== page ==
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Grudge Bearer (Warhammer) Mass Market Paperback – 16 Jun 2005
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About the Author
Gav Thorpe works for the internationally renowned hobby company Games Workshop as part of the Games Development team, a prolific Black Library author, he has written Angels of Darkness, 13th Legion and the fantasy trilogy Slaves to Darkness.
Top customer reviews
I found the writing standard basic but adequate. And much the same with the plot. The story while unremarkable in itself does give you a good insight into the workings of dwarf culture in warhammer. It also establishes the king of Zhufbar as a character within the setting and gives that particular hold a sense of background. On the downside there were a few moments in the plotline that I did not find convincing, in particular the ending - though I won't spoiler it.
It's not a bad little book, quite well written (a pleasant surprise as I tend to shy away from GW staffers attempts at writing novels) and gives a good flavour of the culture of the Warhammer Dwarves as they battle over a number of centuries against a variety of enemies.
The only thing I didn't like is when one chapter ends with a cliff hanger and the next starts 20 years on (and this can be unclear, notably the war against the Skaven...) but aside from that Gav Thorpe has done a good job here (and the final battle epic got me itching to get some miniatures on the tabletop even if it would have to be a Warmaster game not Warhammer).
Ok, Gav Thorpe isn't Tolkien and the book doesn't have the depth of Tolkien's Dwarf history, but it was enjoyable, adds to the background of the game and if he writes another Dwarf book I'll probably read it.
From the very beginning, I found myself rooting for the lead Dwarf. Thorpe managed to make the main character into an incredibly likeable person, with a very old-fashioned set of values. A bit like a favourite great uncle or grandad. Couple that with a huge hammer and we've got a winner on our hands.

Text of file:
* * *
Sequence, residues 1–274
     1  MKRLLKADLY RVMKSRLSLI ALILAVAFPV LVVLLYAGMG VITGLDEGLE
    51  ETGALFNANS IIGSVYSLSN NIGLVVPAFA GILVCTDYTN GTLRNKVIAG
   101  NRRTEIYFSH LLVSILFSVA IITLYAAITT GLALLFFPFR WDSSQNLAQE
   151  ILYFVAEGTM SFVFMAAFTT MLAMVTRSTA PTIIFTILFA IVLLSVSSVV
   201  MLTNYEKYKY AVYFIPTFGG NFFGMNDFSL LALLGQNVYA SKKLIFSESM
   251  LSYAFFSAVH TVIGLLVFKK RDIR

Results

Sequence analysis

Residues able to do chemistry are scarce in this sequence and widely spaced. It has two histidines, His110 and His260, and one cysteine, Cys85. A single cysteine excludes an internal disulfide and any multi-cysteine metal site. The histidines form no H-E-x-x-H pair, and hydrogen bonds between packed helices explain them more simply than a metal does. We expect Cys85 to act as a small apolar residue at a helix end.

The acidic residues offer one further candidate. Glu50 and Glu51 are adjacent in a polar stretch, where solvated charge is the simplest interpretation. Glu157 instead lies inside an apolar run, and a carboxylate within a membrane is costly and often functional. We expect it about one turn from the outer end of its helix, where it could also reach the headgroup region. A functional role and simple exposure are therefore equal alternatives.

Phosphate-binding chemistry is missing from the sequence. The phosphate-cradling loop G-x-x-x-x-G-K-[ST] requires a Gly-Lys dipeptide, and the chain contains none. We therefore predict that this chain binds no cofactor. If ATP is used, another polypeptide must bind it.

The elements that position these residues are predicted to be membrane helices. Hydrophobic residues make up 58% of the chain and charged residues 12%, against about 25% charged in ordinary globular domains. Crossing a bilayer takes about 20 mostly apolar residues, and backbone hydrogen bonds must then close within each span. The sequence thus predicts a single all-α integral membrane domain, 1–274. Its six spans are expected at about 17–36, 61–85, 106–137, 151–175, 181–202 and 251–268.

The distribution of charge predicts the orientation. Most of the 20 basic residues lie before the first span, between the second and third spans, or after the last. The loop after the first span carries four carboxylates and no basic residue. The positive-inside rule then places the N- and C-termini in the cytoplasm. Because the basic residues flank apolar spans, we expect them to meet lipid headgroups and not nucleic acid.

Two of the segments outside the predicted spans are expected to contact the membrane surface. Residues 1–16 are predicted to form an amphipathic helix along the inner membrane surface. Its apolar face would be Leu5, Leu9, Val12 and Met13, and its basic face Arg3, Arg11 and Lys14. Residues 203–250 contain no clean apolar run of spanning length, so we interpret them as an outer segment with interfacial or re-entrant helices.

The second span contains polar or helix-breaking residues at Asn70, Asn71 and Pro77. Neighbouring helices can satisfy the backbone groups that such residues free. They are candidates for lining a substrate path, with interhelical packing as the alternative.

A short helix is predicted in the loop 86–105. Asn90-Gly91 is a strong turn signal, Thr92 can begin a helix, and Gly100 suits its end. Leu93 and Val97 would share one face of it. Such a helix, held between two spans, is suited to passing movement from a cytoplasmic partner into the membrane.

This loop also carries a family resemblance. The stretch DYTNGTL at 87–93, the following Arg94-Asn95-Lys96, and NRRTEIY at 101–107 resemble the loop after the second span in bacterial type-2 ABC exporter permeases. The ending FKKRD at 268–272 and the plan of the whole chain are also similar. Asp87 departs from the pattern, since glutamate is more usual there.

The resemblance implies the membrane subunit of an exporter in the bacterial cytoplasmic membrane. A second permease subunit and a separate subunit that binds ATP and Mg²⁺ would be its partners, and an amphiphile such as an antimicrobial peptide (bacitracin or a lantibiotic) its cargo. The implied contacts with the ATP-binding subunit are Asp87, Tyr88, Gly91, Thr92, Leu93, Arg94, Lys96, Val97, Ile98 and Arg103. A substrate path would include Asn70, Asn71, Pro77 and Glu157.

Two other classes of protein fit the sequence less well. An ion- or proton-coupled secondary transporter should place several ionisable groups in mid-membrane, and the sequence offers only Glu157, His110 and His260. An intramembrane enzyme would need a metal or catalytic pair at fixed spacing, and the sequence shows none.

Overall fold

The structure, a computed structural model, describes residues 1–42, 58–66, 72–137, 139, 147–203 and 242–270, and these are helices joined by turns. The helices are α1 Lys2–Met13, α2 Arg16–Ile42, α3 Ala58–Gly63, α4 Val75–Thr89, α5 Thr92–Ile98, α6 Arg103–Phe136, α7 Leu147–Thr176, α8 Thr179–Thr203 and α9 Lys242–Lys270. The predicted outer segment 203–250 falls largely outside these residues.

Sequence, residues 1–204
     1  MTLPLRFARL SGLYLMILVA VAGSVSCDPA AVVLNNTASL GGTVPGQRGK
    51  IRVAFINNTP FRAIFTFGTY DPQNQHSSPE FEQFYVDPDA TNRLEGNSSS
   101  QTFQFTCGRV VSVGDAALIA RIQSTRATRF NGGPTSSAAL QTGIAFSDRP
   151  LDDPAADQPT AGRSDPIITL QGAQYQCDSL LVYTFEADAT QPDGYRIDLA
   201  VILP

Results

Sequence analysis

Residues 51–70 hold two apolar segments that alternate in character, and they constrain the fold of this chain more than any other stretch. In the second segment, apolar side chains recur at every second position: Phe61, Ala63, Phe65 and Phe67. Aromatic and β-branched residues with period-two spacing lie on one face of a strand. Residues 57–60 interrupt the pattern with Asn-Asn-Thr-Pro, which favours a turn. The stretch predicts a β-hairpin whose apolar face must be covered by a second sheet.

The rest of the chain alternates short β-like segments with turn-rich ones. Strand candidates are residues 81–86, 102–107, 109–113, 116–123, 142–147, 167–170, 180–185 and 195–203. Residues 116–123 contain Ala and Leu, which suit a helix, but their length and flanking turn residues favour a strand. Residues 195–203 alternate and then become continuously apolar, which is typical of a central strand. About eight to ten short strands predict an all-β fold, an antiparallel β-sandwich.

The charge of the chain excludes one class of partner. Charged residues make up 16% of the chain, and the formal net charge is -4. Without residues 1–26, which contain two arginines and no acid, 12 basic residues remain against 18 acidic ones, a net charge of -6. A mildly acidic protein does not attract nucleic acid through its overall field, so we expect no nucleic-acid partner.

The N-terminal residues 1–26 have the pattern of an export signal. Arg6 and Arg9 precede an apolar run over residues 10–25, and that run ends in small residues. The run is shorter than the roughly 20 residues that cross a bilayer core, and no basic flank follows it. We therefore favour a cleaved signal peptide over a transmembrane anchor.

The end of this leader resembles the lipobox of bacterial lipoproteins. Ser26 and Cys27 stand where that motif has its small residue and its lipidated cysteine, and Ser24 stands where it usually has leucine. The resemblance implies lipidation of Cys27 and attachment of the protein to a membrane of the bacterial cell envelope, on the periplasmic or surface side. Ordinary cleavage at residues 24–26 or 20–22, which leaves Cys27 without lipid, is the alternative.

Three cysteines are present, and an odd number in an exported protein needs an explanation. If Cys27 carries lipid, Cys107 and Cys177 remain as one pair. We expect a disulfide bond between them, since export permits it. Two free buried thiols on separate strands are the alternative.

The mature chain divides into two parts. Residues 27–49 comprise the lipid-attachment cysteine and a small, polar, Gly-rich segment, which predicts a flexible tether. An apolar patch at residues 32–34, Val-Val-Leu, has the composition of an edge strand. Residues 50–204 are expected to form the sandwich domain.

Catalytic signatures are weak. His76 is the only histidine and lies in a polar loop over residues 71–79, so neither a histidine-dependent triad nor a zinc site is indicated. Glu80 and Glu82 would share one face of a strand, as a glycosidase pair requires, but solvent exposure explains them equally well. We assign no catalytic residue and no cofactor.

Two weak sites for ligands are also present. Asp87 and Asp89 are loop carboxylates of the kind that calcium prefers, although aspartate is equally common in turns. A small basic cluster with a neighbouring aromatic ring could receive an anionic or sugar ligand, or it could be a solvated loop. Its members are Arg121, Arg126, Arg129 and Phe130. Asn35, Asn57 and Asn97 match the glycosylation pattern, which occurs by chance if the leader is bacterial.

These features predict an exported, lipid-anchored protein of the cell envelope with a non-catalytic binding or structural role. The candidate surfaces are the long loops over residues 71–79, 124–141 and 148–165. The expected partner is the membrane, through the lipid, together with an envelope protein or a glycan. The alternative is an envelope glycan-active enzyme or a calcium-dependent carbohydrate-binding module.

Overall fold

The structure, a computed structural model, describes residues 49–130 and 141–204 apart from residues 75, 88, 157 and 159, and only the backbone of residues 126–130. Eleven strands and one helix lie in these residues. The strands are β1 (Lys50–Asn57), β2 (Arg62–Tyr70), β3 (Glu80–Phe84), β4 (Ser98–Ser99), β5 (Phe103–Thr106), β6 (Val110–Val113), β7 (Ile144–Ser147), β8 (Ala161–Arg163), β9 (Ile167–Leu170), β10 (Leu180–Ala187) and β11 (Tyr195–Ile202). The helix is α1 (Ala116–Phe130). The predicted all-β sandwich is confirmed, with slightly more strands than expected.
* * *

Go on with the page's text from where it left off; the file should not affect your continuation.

The story is divided into a series of adventures and battles. Battles with just about anyone the dwarves can fall out with. The dwarves find themselves locked into a steady cycle of retribution via their 'Book of Grudges'. Highlights include a fight in a pub over the quality of the beer: "Beardlings Best Effort." And a battle where everyone else runs off.
I cannot believe anyone could like Warhammer and not like this book. Gav Thorpe's finest hour!
Most helpful customer reviews on Amazon.com
Although we were given just a brief glimpse of a Dwarf Hold in William King's "Dragonslayer", this book takes us right inside the daily life of one such underground city stronghold of the Dwarves. In particular it focuses on the aspect of Dwarven (Dwarvish?) culture that deals with grudges, and their great relish in carrying them on for generations if need be in order to finally settle perceived wrongs against them.
There are epic battles aplenty in this book, with the Dwarves facing off against Orcs, Skaven, massive Chaos hordes and even....each other? But one part that had me questioning was that the Dwarves are depicted as very bloodthirsty when in the course of carrying out a grudge, so much so that they would even be willing to massacre innocent women and children. I wonder....?
Still, on the whole I would say that I enjoyed it and it's a pretty good book, and would rate it overall a 4.5 -- Well worth checking out while you're waiting for William King to get busy and give us more Gotrek.
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